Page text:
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Christopher Wilson book The Ballad of Lee Cotton
  • Categories:Gender, Book


A well executed, if slight, exploration of race and gender in mid 20th century America. Lee Cotton is a blonde, blue-eyed boy, born to a black woman in rural Mississippi in the early 1950s. In a rigidly segregated society, he grows up black despite the color of his skin. While his situation is inconvenient, as illustrated by the difficulties he has finding a seat on the bus (can't sit up front with the white folks, and it would be impolite to crowd a black person by taking a seat at the back), he is content to be black.

When he attempts to cross the color line, he is savagely beaten by Klansmen, an incident which separates him from his family and transforms him from a black boy to a white man -- a brain damaged white man -- living fairly well in St. Louis.

He is drafted for the war in Viet Nam and ends up being posted to a special unit in Nevada. After a car accident which leaves him with a grievous injury to his genitals, a drug addled, albeit brilliant, back alley surgeon transforms him into a beautiful woman. The second half of the novel details his adventures as he comes to grips with his transformation from black boy, to white man, to white woman; from straight man, to gay woman.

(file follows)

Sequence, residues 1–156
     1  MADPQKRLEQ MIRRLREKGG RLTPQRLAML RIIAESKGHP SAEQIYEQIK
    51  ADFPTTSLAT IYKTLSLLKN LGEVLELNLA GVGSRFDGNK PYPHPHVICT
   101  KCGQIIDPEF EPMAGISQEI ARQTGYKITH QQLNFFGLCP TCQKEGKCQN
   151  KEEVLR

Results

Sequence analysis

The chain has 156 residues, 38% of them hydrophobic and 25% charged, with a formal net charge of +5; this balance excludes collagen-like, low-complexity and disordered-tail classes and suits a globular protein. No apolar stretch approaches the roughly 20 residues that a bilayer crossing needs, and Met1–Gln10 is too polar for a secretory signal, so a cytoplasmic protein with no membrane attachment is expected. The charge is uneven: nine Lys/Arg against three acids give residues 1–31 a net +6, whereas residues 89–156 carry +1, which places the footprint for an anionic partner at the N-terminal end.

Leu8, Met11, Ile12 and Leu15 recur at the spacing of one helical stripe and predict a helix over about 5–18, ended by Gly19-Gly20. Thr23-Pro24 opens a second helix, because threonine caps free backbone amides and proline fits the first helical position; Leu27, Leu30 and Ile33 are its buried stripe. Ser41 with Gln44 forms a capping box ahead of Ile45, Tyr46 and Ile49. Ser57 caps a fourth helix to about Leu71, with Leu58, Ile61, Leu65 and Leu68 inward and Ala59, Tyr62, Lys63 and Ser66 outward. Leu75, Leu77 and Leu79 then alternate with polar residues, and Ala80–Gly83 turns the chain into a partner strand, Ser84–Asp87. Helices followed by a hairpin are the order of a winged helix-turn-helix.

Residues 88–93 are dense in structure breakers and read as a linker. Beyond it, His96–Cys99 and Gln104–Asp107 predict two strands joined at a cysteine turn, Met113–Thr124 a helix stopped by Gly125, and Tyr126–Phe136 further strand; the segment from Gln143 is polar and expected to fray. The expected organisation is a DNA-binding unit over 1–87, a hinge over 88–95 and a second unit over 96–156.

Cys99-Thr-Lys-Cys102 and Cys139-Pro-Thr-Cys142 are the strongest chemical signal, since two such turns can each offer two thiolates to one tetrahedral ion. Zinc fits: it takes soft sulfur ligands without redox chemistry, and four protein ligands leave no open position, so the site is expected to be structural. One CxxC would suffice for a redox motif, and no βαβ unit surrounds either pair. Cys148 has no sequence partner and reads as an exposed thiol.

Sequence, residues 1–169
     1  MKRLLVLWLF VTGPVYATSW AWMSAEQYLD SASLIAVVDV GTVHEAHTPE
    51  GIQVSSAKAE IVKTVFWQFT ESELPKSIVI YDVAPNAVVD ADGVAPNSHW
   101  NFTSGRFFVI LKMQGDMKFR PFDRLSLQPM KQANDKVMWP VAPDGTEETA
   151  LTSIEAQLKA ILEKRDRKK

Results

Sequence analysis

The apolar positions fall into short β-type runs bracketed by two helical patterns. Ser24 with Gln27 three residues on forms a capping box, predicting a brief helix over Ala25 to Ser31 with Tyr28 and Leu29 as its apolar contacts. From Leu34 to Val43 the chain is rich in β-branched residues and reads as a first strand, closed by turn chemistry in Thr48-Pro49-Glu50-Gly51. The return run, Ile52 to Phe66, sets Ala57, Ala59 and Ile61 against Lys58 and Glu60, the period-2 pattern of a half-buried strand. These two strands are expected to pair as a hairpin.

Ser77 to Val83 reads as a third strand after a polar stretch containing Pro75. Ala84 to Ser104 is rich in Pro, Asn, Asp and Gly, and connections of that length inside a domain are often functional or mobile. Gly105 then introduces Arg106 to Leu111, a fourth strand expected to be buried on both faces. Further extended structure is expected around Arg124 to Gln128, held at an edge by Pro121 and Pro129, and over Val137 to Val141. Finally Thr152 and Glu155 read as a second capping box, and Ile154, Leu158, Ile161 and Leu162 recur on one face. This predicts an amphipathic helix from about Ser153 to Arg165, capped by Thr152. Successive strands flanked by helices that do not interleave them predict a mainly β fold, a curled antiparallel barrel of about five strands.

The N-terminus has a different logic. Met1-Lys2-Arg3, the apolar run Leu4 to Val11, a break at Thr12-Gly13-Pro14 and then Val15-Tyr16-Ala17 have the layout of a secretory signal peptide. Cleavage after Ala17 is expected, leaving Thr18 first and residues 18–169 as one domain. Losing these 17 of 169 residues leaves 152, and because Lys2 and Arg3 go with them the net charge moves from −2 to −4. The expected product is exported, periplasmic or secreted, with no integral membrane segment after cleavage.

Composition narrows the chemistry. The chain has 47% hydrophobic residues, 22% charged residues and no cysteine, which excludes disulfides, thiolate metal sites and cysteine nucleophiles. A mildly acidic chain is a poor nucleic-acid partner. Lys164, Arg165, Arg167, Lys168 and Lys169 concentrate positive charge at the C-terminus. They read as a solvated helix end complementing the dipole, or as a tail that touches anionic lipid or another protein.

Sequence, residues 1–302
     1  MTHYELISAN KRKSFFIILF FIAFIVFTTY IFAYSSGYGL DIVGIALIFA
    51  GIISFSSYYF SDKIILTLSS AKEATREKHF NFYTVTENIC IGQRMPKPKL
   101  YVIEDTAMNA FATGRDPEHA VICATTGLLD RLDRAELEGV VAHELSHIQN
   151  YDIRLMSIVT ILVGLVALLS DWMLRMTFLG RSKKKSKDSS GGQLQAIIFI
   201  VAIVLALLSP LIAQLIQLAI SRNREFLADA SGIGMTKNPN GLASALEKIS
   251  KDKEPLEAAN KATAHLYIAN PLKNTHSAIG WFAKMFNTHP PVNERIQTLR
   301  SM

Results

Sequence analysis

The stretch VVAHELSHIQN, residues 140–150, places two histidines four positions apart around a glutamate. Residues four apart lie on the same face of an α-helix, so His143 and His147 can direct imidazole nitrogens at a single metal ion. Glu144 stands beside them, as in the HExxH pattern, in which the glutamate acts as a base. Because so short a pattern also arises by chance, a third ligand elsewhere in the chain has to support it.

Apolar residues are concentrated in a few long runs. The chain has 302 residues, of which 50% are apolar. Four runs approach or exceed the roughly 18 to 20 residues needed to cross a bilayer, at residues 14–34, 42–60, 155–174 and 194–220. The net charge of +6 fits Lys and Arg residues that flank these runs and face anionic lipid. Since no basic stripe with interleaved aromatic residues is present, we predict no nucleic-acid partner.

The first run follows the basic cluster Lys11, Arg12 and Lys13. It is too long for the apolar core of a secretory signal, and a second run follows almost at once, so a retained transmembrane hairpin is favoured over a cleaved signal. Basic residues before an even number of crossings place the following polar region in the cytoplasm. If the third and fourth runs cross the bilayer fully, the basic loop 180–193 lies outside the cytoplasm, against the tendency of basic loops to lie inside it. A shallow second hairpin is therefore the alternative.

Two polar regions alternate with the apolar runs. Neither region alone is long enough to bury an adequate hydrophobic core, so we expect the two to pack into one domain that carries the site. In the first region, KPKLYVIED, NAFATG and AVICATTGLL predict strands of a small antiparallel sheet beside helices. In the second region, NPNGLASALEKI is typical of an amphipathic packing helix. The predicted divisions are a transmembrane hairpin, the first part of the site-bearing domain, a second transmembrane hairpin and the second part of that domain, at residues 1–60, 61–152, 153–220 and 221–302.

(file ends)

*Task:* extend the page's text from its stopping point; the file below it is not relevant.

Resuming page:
The author is british, and it ocassionally shows in his (mis)handling of american idiom ("tarmac" instead of blacktop or macadam, for example). And Lee's alleged Mississippi black dialect is sometimes cartoonishly broad. The novel is also burdened with genre cliches and stock characters -- a wise Uncle Remus (Lee's actual Uncle), a vicious white racist drunk reminiscent of Harper Lee's Bob Ewell, the title character's New Orleans mambo grandmother etc. -- but it is mostly well written and the characters are well drawn and believable.

The novel ends somewhat abruptly, without addressing one of the major recurring plot points, and leaving several story threads unresolved, but it is a quick and enjoyable read notwithstanding.

The book is not (as of this writing) available from a US distributor. I was able to purchase it from

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1 Comment: Christopher Wilson, "The Ballad of Lee Cotton"
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originally posted by uri on 2005-08-05, no edits, entryid=1405